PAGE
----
Resolve Your Brand’s Identity Crisis Before It Is Too Late

One of your biggest challenges as a business leader is making sure everyone is aligned around your brand’s fundamental values. Your genius ideas mean nothing if no one can agree on how to seamlessly implement them. This is especially true when decision makers question your brand’s values. Your brand will spin into an identity crisis if no one agrees on what your organization stands for.

 

When organizations grow, internal communication might become secondary to other day-to-day tasks. In fact, according to the “Communication Barriers in the Modern Workplace” report, forty-four percent of respondents claimed that poor communication in the workplace resulted in delayed or incomplete projects. No company is immune to these communication breakdowns.

 

Disagreements about your brand’s identity have far-reaching consequences. After a series of major controversies, Uber hired its first marketing chief to synthesize its global marketing teams. Facilitating and guiding internal dialogue is the first step to telling a consistent brand story.

 

My company had a client who hired a brilliant developer to help the brand get into the mobile space. While the developer had groundbreaking ideas, none of them were compatible with the company’s long-term business strategy. Thankfully, everyone got back on track before it was too late.

 

These examples prove that keeping everyone on the same page is an absolute necessity when scaling. After all, if your team has conflicting views on the value that your product or service provides, what are the chances that decision makers are aligned? Quick answer: extremely slim.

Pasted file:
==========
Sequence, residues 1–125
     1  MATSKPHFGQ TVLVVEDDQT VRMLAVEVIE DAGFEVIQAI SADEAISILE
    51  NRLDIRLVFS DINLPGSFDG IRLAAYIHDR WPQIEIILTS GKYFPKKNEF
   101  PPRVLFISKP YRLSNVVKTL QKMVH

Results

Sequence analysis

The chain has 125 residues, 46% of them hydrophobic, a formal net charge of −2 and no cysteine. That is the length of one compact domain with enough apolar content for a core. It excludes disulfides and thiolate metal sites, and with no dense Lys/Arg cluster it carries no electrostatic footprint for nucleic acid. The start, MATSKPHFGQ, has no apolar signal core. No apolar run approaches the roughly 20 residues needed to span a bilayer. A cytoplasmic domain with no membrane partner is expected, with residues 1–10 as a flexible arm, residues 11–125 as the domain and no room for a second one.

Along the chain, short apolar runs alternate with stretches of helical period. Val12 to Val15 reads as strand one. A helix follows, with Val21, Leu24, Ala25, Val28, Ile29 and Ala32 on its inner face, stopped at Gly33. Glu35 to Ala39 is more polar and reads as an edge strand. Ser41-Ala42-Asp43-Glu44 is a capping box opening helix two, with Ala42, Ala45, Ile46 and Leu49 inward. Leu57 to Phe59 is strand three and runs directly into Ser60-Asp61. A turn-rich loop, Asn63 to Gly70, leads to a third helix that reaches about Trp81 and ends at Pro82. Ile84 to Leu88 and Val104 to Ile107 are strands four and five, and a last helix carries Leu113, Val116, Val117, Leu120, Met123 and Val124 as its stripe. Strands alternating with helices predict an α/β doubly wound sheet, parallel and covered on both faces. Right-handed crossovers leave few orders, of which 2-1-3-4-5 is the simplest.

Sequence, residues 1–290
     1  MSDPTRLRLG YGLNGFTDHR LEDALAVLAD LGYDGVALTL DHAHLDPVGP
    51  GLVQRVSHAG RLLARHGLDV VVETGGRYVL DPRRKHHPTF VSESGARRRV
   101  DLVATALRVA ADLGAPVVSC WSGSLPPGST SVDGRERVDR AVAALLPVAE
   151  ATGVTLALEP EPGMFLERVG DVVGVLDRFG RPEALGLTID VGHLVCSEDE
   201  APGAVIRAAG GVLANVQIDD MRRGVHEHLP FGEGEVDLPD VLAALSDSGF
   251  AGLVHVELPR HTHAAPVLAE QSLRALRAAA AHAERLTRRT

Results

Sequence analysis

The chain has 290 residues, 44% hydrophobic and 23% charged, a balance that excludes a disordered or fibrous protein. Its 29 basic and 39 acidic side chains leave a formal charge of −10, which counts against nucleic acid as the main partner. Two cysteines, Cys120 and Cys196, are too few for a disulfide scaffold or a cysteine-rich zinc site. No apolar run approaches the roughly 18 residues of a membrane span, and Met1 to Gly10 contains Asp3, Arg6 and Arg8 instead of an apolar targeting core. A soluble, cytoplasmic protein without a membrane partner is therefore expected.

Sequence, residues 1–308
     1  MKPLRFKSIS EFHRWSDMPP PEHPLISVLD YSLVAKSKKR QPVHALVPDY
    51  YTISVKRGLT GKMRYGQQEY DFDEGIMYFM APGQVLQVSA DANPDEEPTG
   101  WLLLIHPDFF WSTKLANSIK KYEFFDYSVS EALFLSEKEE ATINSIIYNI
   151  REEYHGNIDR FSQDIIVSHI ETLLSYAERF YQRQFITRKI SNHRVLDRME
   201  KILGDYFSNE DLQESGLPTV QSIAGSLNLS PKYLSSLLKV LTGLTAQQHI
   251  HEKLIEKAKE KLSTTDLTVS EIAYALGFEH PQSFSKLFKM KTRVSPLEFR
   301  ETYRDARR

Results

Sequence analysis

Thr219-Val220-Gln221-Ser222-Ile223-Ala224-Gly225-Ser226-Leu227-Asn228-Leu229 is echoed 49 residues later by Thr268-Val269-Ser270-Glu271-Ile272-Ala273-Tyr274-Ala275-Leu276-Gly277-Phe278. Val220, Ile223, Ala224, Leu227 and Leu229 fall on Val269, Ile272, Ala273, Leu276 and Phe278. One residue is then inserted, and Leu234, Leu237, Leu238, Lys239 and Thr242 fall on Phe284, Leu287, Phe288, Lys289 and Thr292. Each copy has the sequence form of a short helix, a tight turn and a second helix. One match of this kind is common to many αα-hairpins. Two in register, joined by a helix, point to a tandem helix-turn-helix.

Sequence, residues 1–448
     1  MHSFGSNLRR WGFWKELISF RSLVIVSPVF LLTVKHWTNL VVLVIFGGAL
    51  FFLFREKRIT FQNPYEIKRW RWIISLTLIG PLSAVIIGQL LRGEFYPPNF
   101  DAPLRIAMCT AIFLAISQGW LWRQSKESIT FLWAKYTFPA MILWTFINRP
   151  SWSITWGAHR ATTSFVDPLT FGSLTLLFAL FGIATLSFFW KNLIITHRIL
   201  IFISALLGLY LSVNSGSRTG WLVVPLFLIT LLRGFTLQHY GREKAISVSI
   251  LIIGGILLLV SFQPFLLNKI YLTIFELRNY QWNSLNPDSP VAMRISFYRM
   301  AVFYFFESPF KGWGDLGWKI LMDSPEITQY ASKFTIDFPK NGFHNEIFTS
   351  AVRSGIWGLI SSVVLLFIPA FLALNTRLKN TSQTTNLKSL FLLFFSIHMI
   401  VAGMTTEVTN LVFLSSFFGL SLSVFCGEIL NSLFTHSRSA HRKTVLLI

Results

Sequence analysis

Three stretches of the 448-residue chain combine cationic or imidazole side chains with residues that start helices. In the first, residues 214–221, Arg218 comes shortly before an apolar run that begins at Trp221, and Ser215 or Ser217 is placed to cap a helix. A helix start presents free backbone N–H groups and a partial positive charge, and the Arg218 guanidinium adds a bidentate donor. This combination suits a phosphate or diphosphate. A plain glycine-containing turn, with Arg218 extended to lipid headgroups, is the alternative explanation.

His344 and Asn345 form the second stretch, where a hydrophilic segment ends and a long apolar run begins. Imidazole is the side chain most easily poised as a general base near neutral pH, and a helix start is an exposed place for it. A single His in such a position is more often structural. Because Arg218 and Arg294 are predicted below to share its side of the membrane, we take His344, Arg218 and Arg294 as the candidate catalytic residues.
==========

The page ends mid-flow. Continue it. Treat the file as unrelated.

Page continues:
If siloed departments and discrepancies about what your brand brings to the table are common, now is the time to consider the following strategies:

 

1. Implement quarterly strategic planning. Relying solely on an annual strategy is a death sentence. Instead, try reassessing your strategy every quarter. Devote these meetings to hearing from all department leaders. Compare each person’s ideas with the road map you set at the beginning of the year, and consider where the market is headed. Doing so will ensure you send a relevant, consistent message to your audience.

 

2. Create a 360-degree view of your customer. The only way to make practical decisions about your brand’s value is to know the customer. That means developing a multidimensional perspective of your target customer. Dig into your customer touchpoints to pull together data, including purchase history, behavioral tendencies, and customer preferences.

 

Many big-name brands have developed a deep understand of their customers, making it table stakes. Netflix uses an algorithm to decide which images will best catch viewers’ attention. Follow suit by leveraging customer data platforms such as mParticle, which seamlessly consolidates siloed data for clients, including Spotify, JetBlue, and Overstock, to improve personalization for users.

 

3. Enhance internal communication. There might not be a formula for perfecting internal communication, but providing incentives to your teams can help. Sit down with your HR leaders and brainstorm creative strategies to incorporate into every layer of the organization. One strategy involves encouraging employees to present projects that embody your organization’s values and further its mission. It might take time to find the right approach, but once you do, generating a cohesive brand story becomes feasible.

 

Every organization can lose sight of its goals at some point. Your team’s disagreement is just a byproduct of running a business. Fortunately, the fact that you are reading this means you have identified the problem. Now is the time to develop a plan of action before decision makers jump ship to a brand with more consistent values.

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Christine Alemany is the CEO at Trailblaze Growth Advisors. She has a passion for helping early- to midstage companies grow and scale. Christine has more than 18 years of experience reinvigorating brands, building demand generation programs, and launching products for startups and Fortune 500 companies. In addition to her work at TBGA, she advises startups through Columbia Business School's Entrepreneurial Sounding Board and is a teaching fellow at the NASDAQ Entrepreneurial Center.